• Call 501-906-4201 to make a secure contribution with your debit or credit card.
  • Mail your cash or check donation to:
    Methodist Family Health Foundation
    P.O. Box 56050
    Little Rock, AR 72215-6050.
  • Make a contribution at church. Note MFH on your check or offering envelope and place in the offering plate. 

You Are Created to Live with Hope

God has created you in the image of God. God has given you a mind, soul and heart. God has shown you time and again how much God loves you. And God has sent God’s only son, Jesus, to be your Lord and Savior who redeems you. Put all of this together and you can only reach one conclusion – you are created to live with hope. So don’t let the enemy rob you of hope. Don’t let what’s going on in the world smother your hope. And don’t get so overwhelmed by life that you forget to claim your God-given hope. Not today. Not tomorrow. Not ever.

A Sunday Prayer

Lord,

Your children are sick and dying from COVID. Their families feel helpless and grieve. They face financial ruin, living on the edge and wondering whether they will be pulled to safety or pushed over the brink. And they struggle with depression and its side effects of substance abuse.

But for too many of Your children, COVID is just one more thing piled on top of so many other things. People of color live with racial injustice that continues to fester. Children are abused in homes where they should be cherished. Parents are forced to watch their children grow up with  little hope of breaking the cycle of poverty. And too many do not know the reality of Your love that longs to enfold them.We have lost hope. Hope that things will improve. Hope that Your justice will prevail. Hope that hearts and lives will be healed.

Our prayer on this first Sunday of Advent when hopelessness is cascading out of control is very simple. Help us look ahead to Jesus’ birth and be filled with Your hope that resides in a babe who is Your gift of Yourself to our world.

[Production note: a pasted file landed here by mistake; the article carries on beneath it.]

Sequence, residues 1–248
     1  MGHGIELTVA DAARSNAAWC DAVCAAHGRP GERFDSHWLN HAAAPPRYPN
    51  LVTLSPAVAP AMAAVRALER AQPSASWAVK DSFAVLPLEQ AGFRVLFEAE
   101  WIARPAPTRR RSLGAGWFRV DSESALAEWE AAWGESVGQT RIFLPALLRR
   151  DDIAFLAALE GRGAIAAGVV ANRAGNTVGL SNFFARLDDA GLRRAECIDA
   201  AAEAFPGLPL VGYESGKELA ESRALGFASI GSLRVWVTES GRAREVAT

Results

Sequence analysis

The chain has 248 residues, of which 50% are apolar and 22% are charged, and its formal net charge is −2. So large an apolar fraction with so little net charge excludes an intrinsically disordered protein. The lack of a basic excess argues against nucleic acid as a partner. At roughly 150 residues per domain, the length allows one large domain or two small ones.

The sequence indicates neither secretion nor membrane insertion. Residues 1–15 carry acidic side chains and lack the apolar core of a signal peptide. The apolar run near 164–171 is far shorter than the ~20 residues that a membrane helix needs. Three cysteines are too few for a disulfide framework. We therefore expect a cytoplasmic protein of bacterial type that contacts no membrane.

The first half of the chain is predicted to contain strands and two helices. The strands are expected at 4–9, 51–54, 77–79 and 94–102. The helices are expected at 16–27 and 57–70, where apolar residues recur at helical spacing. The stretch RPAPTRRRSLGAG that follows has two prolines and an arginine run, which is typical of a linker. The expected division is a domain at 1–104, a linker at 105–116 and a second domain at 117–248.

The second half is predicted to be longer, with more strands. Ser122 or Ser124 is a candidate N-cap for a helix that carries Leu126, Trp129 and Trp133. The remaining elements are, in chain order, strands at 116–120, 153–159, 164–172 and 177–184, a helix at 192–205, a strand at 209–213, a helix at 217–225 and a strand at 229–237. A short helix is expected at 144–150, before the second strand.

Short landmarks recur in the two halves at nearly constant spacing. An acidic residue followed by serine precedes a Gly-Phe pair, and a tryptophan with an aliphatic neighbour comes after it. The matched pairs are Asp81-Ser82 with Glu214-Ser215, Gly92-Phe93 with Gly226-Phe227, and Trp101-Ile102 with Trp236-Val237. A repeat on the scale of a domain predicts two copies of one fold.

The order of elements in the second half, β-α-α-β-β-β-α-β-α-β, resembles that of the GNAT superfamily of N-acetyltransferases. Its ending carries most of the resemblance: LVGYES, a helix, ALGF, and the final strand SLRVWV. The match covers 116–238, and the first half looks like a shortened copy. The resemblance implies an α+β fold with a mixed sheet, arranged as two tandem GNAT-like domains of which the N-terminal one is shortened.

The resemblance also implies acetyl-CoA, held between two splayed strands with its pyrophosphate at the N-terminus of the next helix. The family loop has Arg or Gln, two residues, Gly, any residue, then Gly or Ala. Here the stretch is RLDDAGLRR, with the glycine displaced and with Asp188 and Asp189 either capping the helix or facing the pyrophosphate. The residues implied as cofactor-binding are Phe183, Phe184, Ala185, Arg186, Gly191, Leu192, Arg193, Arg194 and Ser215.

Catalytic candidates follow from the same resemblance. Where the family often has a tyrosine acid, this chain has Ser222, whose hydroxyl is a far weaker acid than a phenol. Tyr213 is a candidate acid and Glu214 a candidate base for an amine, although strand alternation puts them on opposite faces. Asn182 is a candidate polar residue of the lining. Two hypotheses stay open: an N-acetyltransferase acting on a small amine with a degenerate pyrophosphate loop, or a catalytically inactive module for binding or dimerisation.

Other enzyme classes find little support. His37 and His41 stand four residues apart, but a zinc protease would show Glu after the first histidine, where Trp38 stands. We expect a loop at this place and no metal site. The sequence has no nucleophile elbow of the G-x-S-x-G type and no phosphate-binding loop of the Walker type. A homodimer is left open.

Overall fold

We pray this hopefully in the strong name of Jesus.

Amen.

Be Intentional

Jesus’ love for you never stops, regardless of what you do or don’t do. This is a given, and something you can absolutely count on in every moment, situation and decision you make. But it’s only half of the equation. The other half is whether you always love Jesus in every moment, and do everything you can to let him weigh in about everything that happens in your life – especially important decisions you make. This is not about trying to be perfect. Rather, it’s about striving to be intentional. Do everything you can today to invite Jesus into the heart and soul of your life more than you did yesterday. 

The Rush to Christmas

The rush to Christmas is on and, in this pandemic year of 2020, it’s moving at warp speed because people need hope. Lots of hope. And they need it quickly. These days before Christmas are a wonderful time to think about the type of hope Christmas offers. It’s not lodged in decorations, music, treats or even cherished traditions. Rather, it’s discovered in the highly unlikely fact that God loves humanity so much God gets personally involved in the most personal way possible – by sending Gods’ only son, Jesus, to become one of us to save us in exactly the way we need, but can never achieve on our own. So for God’s sake, don’t rush to Christmas. Let God’s promise of Christmas hope grow, bit by bit and day by day, until the full hope of God’s incarnation bursts forth on Christmas Day.